Transitioning to Assisted Living: What to Do with the Family Home
By: Andrea Needham
Moving into an assisted living facility is a tough decision, but deciding what to do with the vacant family home can be even more challenging. Although your home is likely your most valuable possession, sentimentality can make it difficult to part with. Do you sell it? Rent it out? Pass it down to a family member? As you weigh your options, there are important things to consider.
Choosing the Right Assisted Living Facility
Before you decide what to do with your home, take some time to explore different assisted living facilities. Get an idea of the costs you can expect after moving out. Information like this will help you decide if you need to rent out or sell your home to fund your new care expenses. While cost is important, don’t forget other key factors — like atmosphere and amenities — as you tour different facilities. Remember that assisted living facilities are designed to offer help with daily living tasks while allowing you to maintain your independence.
Selling Your Home
Selling your home is one of the things you can do with it after moving out. If you need your home equity to pay for care, this may be an attractive option. Selling could be smart if the real estate market is strong in your location. You’ll get a lump sum of money to fund your living expenses going forward, and you won’t have to worry about the upkeep of your home. Of course, selling also means that you won’t be able to leave your property to your loved ones.
Before selling your home, get some financial and real estate advice. You can start by using a home-sale-proceeds calculator to get an estimate on how much your home may sell for. Remember that selling a home can cost a lot of money — maintenance and staging expenses, real estate agent fees, and closing costs can really add up. According to Opendoor, the costs of selling a home can eat up around 10 percent of your sale price! So, before you start this process, make sure that selling your home is a smart financial decision.
Renting Out Your Home
If you’re too attached to your home to say goodbye, renting it out is a good way to generate income, whether you’re renting it long or short term. You’ll receive a set amount of money from your renters every month, which can help you cover your care expenses — as long as you can keep your home occupied, that is. The downside to renting out your home is that it can be a lot of work. As a landlord, you will be responsible for finding tenants, solving maintenance issues, and ensuring that you get paid on time. Remember that you will also have to adhere to local rules regarding zoning and taxing.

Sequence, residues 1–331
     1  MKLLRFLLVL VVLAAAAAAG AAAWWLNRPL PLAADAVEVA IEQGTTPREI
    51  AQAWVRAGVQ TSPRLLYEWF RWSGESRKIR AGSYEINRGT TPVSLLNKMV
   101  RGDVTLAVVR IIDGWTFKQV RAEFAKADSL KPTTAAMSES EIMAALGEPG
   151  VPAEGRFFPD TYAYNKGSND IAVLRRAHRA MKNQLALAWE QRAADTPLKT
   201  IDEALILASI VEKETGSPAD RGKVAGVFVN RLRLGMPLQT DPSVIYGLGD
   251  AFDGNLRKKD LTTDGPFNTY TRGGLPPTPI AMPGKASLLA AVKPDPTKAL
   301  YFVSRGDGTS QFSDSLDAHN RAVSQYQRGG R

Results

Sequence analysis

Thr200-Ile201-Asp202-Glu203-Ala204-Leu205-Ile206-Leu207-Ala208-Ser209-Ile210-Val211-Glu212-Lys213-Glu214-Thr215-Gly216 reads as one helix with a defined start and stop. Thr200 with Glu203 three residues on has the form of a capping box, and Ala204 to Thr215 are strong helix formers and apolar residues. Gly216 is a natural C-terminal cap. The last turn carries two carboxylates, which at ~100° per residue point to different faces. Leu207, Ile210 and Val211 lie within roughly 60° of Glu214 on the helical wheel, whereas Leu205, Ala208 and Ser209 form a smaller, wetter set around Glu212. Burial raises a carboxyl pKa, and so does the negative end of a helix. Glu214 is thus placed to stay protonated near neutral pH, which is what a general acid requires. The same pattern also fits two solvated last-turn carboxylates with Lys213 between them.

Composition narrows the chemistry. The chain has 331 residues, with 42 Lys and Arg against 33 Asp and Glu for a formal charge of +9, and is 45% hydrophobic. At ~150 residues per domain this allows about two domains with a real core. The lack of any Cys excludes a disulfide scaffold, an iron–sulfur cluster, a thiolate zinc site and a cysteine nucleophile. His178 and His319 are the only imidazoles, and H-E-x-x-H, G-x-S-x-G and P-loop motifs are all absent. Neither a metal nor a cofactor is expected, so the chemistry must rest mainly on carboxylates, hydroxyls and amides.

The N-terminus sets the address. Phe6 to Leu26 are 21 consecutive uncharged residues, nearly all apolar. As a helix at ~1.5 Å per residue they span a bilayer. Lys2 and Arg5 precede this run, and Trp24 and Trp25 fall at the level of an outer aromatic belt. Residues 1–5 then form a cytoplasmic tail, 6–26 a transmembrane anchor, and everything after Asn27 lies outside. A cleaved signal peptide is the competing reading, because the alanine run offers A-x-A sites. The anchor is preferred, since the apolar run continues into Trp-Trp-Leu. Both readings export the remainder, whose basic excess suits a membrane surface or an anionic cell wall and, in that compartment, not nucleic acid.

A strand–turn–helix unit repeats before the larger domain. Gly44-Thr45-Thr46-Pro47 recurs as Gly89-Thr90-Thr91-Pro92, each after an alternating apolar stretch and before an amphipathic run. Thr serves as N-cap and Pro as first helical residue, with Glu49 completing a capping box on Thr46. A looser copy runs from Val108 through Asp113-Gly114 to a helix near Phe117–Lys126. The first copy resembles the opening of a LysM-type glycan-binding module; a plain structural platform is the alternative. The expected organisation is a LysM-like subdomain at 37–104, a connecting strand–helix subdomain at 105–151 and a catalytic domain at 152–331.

You can avoid all this work by hiring a property manager to help out. This will cut into your rental income, but you’ll have peace of mind knowing that your property is being taken care of and tenant issues handled. A property management company can do more than just handle maintenance. They can screen tenants, and some even offer online booking for guests and tenants.
Leaving Your Home to a Family Member
If you don’t need extra money to pay for your stay in assisted living, selling or renting out your home may not be worth the hassle. Instead, you may want to leave it in the care of a family member. Having someone live in your home will prevent issues like leaky roofs, burst pipes, vandalism, and squatters — just a few of the many risks of leaving a home unoccupied. Also, NOLO.com points out that most home insurance policies will not cover damage that occurs after a house has been vacant for over 30 days, so you might have to pay additional premiums if you have no other option than to leave it unoccupied.
Are you planning on leaving your home to your children after you die? Consider transferring your property to your family members as an early inheritance. This way, your loved ones can factor in your opinion as they decide what to do with the home, and they won’t have to go through the lengthy probate process. Gifting the family home to your loved ones while you’re still alive also comes with some tax benefits!
Whatever you decide to do with your home, it’s important to prepare emotionally for this big move. The transition into an assisted living community can be complicated, and high levels of stress can make it more challenging. If possible, put off big decisions about your home until you get settled into your new living environment.